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Google's robot cars



Robot cars have the potential to save thousands of lives and double highway capacity. But it's hard to imagine them ever becoming commercially available without some tremendous change in existing law. Current traffic laws require the technology to be able to be overridden by a human driver. And the American legal system's poor track record in sudden-acceleration cases suggests that trial lawyers and juries are often going to blame the technology and the deep pocket in the event of human error. Because a Google cannot collect millions of dollars for each of the lives they save through robot cars, but will be assessed that amount (in attorneys' fees alone) every time a driver of a robot car kills or injures someone, product-liability law may well make the roads far less safe in the short- to medium-term. Even if liability concerns merely delay the technology five years (and I think the effect will be larger than that), we're talking tens of thousands of lives that will be lost because of our current justice system.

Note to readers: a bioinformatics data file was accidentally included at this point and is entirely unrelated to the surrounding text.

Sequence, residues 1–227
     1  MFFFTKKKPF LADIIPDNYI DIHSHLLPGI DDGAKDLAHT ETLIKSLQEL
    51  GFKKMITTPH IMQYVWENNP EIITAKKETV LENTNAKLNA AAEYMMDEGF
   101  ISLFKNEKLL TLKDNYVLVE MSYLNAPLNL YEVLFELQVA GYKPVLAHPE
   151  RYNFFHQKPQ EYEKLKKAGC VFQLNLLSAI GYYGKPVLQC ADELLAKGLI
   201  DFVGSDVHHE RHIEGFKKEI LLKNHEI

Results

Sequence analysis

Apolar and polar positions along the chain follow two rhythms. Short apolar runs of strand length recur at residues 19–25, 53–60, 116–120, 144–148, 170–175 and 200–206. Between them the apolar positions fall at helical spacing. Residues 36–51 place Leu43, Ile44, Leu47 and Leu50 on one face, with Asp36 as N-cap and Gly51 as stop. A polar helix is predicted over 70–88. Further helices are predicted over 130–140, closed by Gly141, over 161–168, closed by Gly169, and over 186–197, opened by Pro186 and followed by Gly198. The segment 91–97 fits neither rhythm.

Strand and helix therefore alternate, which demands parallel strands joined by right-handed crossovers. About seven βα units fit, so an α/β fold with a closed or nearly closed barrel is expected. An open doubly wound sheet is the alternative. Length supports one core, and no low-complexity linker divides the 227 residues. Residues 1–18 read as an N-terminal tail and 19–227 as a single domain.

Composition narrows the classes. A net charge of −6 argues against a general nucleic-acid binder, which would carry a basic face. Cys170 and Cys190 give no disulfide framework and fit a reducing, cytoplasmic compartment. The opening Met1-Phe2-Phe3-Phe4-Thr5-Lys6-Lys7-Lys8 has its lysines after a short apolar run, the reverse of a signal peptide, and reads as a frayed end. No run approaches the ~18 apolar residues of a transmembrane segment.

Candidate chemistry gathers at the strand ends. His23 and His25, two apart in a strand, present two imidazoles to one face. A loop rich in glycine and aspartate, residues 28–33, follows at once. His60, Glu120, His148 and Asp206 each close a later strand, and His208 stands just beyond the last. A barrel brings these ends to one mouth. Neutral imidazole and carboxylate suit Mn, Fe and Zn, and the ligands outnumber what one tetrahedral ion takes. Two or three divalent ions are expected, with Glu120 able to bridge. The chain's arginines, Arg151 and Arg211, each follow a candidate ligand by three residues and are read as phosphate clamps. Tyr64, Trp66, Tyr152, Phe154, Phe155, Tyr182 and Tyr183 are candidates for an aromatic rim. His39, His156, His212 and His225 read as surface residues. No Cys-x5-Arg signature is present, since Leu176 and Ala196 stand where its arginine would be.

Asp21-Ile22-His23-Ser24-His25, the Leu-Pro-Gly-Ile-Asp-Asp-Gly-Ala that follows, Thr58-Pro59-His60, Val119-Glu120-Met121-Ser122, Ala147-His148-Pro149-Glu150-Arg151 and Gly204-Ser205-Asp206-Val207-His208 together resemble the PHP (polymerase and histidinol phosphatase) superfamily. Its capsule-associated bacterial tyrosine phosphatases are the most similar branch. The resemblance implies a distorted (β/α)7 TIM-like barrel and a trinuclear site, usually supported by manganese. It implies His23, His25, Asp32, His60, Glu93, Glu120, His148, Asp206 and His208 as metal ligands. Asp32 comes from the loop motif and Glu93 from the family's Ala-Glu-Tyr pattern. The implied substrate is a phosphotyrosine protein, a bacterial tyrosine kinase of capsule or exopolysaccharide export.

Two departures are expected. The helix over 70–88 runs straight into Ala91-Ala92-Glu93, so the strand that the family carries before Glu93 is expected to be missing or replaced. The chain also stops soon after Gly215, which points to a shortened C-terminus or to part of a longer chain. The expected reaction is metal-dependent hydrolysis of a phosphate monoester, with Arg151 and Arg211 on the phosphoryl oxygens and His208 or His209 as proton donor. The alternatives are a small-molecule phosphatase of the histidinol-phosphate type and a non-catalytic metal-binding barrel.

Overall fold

Note that federal preemption comes into play here. Clear-cut federal regulatory standards that preempt state tort law could break the Gordian knot; but under trial lawyers' and the Obama administration's upside-down view of federalism, a single state's tort law could dictate the national marketplace for these vehicles. A manufacturer cannot be protected by one state's tort reform, because they're still potentially liable if a driver takes the vehicle into a different state with a more backward law. This problem that is only going to get worse if the Supreme Court adopts the Obama DOJ's position in Williamson v. Mazda Motor.

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Rafael Mangual
Project Manager,
Legal Policy
rmangual@manhattan-institute.org

Katherine Lazarski
Manhattan Institute
klazarski@manhattan-institute.org

 

Published by the Manhattan Institute

The Manhattan Insitute's Center for Legal Policy.